A Zen poem is nothing other than an expression of the enlightened mind, a handful of simple words that disappear beneath the moment of insight to which it bears witness. Poetry has been an essential aid to Zen Buddhist practice from the dawn of Zen—and Zen has also had a profound influence on the secular poetry of the countries in which it has flourished. Here, two of America’s most renowned poets and translators provide an overview of Zen poetry from China and Japan in all its rich variety, from the earliest days to the twentieth century. Included are works by Lao Tzu, Han Shan, Li Po, Dogen Kigen, Saigyo, Basho, Chiao Jan, Yuan Mei, Ryokan, and many others. Hamill and Seaton provide illuminating introductions to the Chinese and Japanese sections that set the poets and their work in historical and philosophical context. Short biographies of the poets are also included.
About Sam Hamill
Sam Hamill is the author of more than thirty books of poetry, essays, and translations from the classical Chinese and Japanese, ancient Greek, Latin, and other languages. He has been a recipient of fellowships from the Woodrow Wilson Foundation, the Andrew Mellon Foundation, the National Endowment for the Arts, the Guggenheim Foundation, and the Japan-U.S. Friendship Commission. He lives near Port Townsend, Washington.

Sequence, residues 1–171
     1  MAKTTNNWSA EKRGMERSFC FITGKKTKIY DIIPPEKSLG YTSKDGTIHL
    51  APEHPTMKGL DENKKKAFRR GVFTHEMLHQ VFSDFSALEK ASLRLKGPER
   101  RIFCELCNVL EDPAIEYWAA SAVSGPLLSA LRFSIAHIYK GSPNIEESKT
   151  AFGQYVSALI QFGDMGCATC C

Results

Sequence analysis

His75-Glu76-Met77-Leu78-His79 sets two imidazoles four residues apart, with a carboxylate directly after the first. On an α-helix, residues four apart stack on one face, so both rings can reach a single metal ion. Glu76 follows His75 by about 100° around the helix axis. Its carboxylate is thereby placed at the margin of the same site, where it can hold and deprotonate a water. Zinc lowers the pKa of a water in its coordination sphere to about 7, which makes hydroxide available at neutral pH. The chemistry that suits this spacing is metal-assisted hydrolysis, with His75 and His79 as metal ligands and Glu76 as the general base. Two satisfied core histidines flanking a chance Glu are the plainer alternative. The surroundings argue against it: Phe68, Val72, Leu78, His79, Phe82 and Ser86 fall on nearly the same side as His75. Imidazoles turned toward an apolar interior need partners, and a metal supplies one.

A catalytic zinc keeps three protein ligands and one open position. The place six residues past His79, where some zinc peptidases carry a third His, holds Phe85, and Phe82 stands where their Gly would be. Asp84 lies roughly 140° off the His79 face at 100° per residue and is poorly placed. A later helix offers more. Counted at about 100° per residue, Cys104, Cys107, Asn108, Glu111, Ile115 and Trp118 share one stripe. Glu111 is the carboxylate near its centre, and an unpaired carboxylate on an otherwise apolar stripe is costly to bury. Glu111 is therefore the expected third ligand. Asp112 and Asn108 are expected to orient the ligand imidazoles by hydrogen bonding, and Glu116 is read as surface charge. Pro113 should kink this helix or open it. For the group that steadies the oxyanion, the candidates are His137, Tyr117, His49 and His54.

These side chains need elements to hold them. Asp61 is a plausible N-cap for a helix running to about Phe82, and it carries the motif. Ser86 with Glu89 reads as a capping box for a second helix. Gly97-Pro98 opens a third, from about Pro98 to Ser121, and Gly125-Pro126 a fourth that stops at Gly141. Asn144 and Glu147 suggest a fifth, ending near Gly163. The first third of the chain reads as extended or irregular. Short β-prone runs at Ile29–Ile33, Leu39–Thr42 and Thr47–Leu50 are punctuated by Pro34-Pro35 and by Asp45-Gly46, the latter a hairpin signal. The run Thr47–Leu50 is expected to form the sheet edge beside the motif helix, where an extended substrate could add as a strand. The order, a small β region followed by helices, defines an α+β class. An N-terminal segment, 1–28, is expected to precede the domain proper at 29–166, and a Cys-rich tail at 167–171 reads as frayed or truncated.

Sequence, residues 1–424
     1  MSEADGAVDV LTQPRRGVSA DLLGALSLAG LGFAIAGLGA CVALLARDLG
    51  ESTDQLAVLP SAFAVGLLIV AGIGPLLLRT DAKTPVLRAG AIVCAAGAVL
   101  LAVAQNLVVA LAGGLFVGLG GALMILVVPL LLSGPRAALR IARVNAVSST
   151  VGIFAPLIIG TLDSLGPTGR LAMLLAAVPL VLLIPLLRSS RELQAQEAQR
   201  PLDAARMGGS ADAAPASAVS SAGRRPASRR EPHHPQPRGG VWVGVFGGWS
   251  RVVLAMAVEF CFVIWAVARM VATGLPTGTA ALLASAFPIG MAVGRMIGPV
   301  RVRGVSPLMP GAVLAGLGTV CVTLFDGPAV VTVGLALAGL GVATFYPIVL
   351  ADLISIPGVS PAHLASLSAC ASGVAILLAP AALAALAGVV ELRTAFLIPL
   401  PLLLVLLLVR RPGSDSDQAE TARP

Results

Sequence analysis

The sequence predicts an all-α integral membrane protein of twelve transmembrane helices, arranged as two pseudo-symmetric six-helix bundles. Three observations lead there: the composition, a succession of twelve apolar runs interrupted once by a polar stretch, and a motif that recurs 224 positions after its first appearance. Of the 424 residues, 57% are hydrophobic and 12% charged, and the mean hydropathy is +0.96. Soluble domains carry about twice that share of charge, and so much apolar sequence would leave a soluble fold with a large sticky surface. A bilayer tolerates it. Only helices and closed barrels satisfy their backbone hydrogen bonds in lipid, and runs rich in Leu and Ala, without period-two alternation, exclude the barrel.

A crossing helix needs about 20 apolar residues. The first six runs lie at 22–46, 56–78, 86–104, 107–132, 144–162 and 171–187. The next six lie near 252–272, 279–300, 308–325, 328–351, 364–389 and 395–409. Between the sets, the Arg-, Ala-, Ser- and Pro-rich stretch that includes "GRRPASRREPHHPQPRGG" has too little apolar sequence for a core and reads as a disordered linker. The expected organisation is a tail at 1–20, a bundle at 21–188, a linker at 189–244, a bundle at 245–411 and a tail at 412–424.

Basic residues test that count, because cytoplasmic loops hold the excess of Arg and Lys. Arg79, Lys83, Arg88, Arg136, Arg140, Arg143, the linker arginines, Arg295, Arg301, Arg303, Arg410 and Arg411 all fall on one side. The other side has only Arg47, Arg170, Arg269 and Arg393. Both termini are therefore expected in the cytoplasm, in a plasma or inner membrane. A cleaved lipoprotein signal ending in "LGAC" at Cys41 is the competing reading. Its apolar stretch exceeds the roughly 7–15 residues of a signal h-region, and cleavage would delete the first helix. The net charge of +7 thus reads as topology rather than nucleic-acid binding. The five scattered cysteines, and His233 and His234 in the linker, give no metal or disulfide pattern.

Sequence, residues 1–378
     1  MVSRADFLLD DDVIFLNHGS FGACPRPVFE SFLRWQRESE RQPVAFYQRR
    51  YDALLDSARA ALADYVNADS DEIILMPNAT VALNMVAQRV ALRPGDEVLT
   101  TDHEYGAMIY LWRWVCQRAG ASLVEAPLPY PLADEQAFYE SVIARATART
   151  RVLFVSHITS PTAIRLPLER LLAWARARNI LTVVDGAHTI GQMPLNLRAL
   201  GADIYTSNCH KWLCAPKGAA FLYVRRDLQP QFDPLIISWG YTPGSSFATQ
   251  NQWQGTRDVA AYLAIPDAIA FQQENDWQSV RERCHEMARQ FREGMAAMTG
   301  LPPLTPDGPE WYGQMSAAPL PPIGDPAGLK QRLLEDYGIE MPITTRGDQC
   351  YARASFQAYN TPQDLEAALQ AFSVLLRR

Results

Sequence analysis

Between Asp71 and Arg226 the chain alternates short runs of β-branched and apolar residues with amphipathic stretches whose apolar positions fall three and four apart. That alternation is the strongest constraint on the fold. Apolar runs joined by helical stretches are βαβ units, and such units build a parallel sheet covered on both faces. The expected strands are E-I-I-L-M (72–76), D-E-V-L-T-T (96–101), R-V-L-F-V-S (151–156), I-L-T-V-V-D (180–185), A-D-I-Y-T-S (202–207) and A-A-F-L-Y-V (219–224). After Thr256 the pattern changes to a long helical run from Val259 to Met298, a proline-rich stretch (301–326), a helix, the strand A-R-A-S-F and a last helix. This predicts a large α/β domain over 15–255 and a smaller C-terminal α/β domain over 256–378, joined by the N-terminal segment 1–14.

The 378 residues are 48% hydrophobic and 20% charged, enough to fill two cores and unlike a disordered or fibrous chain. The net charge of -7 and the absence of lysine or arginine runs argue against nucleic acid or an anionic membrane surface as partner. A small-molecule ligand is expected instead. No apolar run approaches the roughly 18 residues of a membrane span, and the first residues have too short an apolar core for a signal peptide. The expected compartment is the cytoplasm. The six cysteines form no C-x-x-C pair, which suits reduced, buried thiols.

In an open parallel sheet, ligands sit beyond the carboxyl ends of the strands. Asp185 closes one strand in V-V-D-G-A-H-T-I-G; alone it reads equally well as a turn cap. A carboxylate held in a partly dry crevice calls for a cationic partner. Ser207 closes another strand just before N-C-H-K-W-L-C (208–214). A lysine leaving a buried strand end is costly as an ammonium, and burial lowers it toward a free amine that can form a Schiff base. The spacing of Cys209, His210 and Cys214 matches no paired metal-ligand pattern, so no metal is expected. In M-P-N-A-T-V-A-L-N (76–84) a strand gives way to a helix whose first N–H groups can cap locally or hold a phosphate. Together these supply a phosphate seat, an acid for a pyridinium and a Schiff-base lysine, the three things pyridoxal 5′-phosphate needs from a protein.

"A major collection."—Booklist
"The poets in this superb collection pay attention to the wonders of the natural world, the signs of precariousness of life in all living beings, the little changes that comprise each day, and the small details that are often missed by those who are less observant."—Spirituality & Health
<p style="line-height: 150%;"> “These evocative poems capture the ephemera of nature with uncanny starkness.”—Buddhadharma
"There is no need to be mystical or religious to enjoy this writing."—The Bloomsbury Review
"This is a book to enrich our life and our practice, a collection that encourages us to be mindful, to keep at it. Read it, and sit."—Tricycle